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The docket and following proper procedures in a defamation case—How to Legal

How to Legal The Docket
We’ll look at Dershowitz v. Cable News Network, Inc. (CNN), a defamation (slander) case in the Florida Southern District Court.
We found it very hard to believe that it was actually true, that so many judges were breaking the law. I mean, these are judges. They're lawyers. Judges interpret the law. They enforce the law. They don't break the law. But judges very rarely receive any kind of scrutiny, federal judges in particular. And they're used to being sort of the king and queens of their own domain. ---- James V. Grimaldi, The Federal Law That 138 Judges Have Broken, Wall Street Journal, October 1, 2021 

Welcome back to How to Legal, where we learn how to use the good side of the Internet to combat the dark side in this online era of fake news, misinformation, disinformation, and/or defamation.

To simplify, hereinafter, “fake news,” refers to “fake news, misinformation, disinformation and defamation.”

In this installment we’re going to look at:

In this case, we’ll look at Dershowitz v. Cable News Network, Inc.’s (CNN).

The more you know about the legal system, and defamation law, the harder it is to be duped or led astray by fake news, bad actors, politics or oath-breaking lawyers, and/or judges

Thanks for being a part of the solution to combating this online information crisis.

Let’s do this.

What’s a court docket?

Cornell Law School’s Legal Information Institute (LII) defines “docket” this way:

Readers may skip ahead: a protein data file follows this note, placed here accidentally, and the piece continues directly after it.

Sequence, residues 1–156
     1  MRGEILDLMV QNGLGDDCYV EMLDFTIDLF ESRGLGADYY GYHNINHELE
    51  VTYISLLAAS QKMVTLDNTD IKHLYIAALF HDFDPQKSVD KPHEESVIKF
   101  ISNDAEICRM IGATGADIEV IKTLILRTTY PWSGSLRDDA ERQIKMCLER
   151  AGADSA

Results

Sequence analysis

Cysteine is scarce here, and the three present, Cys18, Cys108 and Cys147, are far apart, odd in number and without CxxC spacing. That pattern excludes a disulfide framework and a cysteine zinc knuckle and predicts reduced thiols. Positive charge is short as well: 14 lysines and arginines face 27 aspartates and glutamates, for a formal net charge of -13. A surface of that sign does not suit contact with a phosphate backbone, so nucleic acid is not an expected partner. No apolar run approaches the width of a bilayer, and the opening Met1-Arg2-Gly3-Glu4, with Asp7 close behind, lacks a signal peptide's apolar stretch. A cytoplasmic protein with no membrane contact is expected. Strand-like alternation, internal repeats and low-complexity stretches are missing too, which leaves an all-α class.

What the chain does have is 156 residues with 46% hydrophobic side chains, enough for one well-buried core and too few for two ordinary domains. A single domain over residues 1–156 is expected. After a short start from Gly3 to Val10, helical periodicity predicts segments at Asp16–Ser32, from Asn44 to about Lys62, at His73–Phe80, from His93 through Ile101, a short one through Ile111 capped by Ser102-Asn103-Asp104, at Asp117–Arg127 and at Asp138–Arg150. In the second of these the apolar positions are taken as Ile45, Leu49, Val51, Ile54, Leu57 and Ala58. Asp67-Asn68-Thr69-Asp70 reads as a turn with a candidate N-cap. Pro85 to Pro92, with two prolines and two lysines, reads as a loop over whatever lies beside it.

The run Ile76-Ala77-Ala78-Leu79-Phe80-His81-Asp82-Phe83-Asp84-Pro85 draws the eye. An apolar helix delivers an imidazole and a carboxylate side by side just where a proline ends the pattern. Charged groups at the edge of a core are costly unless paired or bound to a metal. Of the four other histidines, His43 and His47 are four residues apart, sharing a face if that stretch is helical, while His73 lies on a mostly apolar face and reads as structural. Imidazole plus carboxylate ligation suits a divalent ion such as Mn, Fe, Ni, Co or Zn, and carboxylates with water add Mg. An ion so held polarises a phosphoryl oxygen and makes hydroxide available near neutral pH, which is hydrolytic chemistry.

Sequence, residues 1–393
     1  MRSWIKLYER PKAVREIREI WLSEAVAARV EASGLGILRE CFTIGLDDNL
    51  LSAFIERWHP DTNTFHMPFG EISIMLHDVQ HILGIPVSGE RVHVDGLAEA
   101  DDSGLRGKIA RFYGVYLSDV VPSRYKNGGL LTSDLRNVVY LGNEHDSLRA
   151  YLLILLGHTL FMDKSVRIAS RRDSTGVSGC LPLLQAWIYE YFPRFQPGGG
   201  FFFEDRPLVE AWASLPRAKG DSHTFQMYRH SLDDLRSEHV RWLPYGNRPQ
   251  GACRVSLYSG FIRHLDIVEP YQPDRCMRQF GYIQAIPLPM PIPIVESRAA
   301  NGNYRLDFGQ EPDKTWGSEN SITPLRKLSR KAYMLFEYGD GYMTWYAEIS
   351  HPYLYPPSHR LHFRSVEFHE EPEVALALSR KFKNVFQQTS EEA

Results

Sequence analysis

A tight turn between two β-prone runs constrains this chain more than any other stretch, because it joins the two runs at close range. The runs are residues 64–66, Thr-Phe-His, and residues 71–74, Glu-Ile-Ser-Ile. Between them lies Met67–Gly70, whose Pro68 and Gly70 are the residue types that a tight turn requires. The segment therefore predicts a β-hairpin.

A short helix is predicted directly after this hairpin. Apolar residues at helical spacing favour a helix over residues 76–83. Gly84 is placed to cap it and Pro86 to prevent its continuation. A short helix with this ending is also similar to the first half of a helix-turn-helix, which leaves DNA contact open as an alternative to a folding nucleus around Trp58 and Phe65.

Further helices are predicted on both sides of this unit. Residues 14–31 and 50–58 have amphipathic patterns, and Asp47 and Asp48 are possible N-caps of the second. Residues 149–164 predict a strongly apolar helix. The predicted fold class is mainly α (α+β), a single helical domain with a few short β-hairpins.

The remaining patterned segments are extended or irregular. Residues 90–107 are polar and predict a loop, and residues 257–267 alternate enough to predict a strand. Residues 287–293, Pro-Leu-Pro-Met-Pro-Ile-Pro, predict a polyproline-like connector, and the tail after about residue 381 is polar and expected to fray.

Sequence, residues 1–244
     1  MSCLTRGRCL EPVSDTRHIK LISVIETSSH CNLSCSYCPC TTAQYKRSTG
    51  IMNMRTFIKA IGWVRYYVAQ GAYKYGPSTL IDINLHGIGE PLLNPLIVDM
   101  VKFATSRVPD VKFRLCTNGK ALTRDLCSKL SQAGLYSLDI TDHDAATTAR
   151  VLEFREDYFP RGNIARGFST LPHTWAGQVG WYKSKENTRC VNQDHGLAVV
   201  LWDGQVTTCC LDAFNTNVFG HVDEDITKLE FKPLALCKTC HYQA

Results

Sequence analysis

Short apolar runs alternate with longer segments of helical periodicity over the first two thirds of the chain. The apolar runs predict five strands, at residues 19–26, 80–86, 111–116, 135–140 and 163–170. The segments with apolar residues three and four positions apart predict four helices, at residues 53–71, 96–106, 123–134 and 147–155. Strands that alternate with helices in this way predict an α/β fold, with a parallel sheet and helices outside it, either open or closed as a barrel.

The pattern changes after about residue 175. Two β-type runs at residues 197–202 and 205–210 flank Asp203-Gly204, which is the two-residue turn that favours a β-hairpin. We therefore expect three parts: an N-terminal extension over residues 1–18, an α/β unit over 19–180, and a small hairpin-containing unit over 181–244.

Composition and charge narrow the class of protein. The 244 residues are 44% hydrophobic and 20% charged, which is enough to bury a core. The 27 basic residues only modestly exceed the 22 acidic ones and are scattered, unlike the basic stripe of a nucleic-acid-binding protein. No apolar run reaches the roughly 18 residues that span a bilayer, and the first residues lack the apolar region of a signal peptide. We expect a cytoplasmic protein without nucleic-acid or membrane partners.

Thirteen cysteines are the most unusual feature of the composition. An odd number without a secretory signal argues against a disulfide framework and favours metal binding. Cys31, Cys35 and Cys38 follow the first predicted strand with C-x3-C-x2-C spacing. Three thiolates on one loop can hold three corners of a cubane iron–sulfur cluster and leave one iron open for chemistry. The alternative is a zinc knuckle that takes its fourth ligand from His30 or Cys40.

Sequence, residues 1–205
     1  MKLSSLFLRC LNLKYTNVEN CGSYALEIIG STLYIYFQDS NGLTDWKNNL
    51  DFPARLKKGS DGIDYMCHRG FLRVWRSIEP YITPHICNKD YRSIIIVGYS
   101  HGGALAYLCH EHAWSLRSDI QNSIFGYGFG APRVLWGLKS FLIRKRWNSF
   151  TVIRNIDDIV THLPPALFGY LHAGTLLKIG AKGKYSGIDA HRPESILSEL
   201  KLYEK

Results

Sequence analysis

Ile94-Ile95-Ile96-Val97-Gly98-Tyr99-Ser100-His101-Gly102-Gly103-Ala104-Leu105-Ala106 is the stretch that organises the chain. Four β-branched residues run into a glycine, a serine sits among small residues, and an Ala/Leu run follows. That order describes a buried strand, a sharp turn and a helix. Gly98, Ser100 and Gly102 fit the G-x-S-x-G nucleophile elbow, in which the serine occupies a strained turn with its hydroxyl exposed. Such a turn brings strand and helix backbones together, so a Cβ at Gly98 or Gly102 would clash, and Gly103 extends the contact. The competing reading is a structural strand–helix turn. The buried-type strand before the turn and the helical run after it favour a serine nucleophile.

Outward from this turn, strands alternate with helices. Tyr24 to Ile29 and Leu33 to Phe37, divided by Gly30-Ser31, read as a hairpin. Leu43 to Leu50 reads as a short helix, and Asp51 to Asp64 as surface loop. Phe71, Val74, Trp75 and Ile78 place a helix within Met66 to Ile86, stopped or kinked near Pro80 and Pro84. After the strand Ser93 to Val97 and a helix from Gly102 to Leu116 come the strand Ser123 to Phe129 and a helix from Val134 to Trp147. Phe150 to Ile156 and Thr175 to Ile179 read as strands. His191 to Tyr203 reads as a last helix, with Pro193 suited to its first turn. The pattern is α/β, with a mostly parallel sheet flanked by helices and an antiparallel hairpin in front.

A brief list of all proceedings, filings, and possibly deadlines in a case.  A judge’s docket is the official docket kept for a case by the court.”

Cornell Law School’s LII defines docket this way:

court docket
1) n. the cases on a court calendar. 2) n. brief notes, usually written by the court clerk, stating what action was taken that day in court. 3) v. to write down the name of a case to be put on calendar or make notes on action in court.

Following court cases—the docket is another way to familiarize yourself with the legal process. In my opinion, it’s the quickest way for a layperson to become familiar with the judicial process because you will be seeing the rules, judicial canons, and the application of the law, in action, via the court filings aka legal briefs.

Explaining the Docket

Every court case (legal proceeding, and/or action) is given a case identifier–the docket. The docket typically appears on the top of every page of every court filing in that case. In some courts, it is on the bottom. Don’t ask me why. I don’t know why.